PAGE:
Author Topic: ASTP Soyuz Question  (Read 6364 times)

Offline David GREENFIELD

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ASTP Soyuz Question
« on: 11/04/2011 11:38 PM »
Hello.  My understanding is that the Soyuz 7K-TM variant only flew on two missions.  These were Soyuz 19 (ASTP) and 22.  Its solar panels are different to the initial "cranked" Soyuz configuration, and also different to more modern variants.

My question is, does anyone know what the small stubby panels attached at the solar panel/ instrument module junction and extending at about 45 degrees beneath the solar panels were?

Thanks.
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Offline Eric Hedman

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Re: ASTP Soyuz Question
« Reply #1 on: 11/04/2011 11:46 PM »
Hello.  My understanding is that the Soyuz 7K-TM variant only flew on two missions.  These were Soyuz 19 (ASTP) and 22.  Its solar panels are different to the initial "cranked" Soyuz configuration, and also different to more modern variants.

My question is, does anyone know what the small stubby panels attached at the solar panel/ instrument module junction and extending at about 45 degrees beneath the solar panels were?

Thanks.
This is a wild guess.  Could they have been the covers for the compartment the panels deployed out of?

Offline David GREENFIELD

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Re: ASTP Soyuz Question
« Reply #2 on: 11/05/2011 02:20 AM »
That's what I first thought, and I dare say that they are connected in function with array deployment.  However, as you can see in the following picture of Soyuz 19, each array is in three segments. I believe that individual segments were rigid with a hinged joint between them.  As a result, the outer segments are too large for the panels in question to be simple covers.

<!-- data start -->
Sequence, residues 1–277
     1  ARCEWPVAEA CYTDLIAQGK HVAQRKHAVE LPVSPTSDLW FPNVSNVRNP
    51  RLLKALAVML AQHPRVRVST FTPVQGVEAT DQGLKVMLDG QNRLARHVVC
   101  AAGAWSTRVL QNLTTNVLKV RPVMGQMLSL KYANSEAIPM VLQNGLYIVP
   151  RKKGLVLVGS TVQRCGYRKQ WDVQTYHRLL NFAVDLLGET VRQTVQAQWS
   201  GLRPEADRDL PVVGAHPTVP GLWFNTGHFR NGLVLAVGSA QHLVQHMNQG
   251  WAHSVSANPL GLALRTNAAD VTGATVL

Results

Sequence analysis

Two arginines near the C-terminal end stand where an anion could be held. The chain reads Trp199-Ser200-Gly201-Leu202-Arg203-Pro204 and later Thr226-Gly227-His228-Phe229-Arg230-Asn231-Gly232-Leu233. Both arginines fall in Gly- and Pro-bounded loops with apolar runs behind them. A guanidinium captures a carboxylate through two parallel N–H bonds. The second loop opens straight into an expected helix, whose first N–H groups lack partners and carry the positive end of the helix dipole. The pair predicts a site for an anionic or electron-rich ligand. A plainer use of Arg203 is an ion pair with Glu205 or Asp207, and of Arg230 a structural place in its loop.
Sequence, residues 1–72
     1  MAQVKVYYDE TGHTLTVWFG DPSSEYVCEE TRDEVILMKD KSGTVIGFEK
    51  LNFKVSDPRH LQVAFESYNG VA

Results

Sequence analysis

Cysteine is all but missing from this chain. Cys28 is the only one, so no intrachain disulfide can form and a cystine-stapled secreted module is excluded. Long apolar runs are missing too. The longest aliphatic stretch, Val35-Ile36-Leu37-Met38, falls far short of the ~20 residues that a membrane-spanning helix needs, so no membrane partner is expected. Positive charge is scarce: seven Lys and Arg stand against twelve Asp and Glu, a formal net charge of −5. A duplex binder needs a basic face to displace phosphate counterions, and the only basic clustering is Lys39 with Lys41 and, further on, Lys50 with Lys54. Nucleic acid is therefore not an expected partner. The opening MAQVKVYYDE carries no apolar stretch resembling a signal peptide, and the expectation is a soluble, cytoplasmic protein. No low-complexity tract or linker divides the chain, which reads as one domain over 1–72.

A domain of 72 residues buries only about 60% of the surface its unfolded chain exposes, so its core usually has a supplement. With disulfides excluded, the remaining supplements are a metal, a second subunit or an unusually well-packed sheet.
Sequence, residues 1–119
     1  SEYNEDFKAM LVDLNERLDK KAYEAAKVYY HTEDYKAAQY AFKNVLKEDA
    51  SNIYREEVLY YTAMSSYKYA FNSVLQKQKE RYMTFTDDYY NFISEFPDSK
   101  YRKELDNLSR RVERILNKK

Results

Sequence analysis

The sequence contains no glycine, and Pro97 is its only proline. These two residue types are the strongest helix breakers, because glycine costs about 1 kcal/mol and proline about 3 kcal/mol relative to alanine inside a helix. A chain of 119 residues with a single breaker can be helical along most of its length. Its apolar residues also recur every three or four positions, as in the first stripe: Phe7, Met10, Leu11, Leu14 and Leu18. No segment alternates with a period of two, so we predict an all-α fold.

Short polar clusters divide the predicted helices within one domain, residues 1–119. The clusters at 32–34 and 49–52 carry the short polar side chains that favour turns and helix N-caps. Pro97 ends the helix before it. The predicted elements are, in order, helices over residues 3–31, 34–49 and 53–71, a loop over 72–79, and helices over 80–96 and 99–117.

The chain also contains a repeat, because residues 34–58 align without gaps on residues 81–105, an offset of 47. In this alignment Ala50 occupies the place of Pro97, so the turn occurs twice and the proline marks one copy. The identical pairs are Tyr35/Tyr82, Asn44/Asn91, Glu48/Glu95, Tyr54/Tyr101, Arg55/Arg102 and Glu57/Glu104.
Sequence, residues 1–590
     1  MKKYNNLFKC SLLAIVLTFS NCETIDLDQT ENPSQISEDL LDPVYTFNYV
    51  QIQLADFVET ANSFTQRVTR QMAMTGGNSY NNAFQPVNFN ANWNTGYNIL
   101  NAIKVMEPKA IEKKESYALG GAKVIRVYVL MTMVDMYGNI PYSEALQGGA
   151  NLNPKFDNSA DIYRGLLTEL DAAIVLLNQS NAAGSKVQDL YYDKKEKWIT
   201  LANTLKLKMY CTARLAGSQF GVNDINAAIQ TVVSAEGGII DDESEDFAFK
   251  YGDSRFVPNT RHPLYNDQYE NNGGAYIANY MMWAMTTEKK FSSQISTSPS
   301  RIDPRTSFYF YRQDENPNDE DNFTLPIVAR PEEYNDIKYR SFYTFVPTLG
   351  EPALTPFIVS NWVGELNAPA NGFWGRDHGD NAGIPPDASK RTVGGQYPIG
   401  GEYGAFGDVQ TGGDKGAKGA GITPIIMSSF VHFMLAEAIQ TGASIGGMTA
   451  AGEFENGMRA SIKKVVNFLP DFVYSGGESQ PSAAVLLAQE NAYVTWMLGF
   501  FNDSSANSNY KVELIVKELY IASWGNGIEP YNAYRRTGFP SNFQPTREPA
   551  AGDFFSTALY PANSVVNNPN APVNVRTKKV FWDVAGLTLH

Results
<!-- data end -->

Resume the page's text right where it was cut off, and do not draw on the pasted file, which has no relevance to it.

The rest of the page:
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Offline Danderman

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Re: ASTP Soyuz Question
« Reply #3 on: 11/05/2011 02:44 AM »
Hello.  My understanding is that the Soyuz 7K-TM variant only flew on two missions.  These were Soyuz 19 (ASTP) and 22.  Its solar panels are different to the initial "cranked" Soyuz configuration, and also different to more modern variants.

My question is, does anyone know what the small stubby panels attached at the solar panel/ instrument module junction and extending at about 45 degrees beneath the solar panels were?

Thanks.

FWIW, the ASTP mockup at Energia's museum doesn't seem to have them. However, I am not sure how accurate that mockup is.

The ASTP mockup at the Smithsonian doesn't have them, either.

If you look at the attached PDF, there is something definitely under the panels, though.
« Last Edit: 11/05/2011 03:53 AM by Danderman »

Online Stan Black

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Re: ASTP Soyuz Question
« Reply #4 on: 11/05/2011 07:07 AM »
Those 7K-TM/A12 Soyuz solar panels are straight, but the picture above are more like the previous Soyuz.

ASTP Soyuz solar panels also look a lot like the Zond solar panels

Orbital
Name
 
Product
 
Configuration
Serial
Number
 
Kosmos 63811F615A127K-TМ71 
Kosmos 67211F615A127K-TМ72 
Soyuz 1611F615A127K-TМ73 
Soyuz 2211F615A127K-TМ74Docking system replaced with MKF-6 cameras.
Soyuz 1911F615A127K-TМ75 
 11F615A127K-TМ76Prepared for launch as Soyuz 19 backup. Dismantled.
http://www.novosti-kosmonavtiki.ru/content/numbers/231/37.shtml
http://forum.nasaspaceflight.com/index.php?topic=25114.msg759370#msg759370

Online Bob Shaw

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Re: ASTP Soyuz Question
« Reply #5 on: 11/05/2011 07:27 AM »
Perhaps the more interesting question is: why change the panels purely for ASTP?

I wonder if it was due to worries about the impact of the Apollo RCS efflux, which the Soviets were reported to be concerned about at the time (as I recall, they were upset at the sight of the Skylab parasol flapping around in the 'wind' from the RCS).

Bob Shaw

Offline saturnapollo

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Re: ASTP Soyuz Question
« Reply #6 on: 11/05/2011 09:34 AM »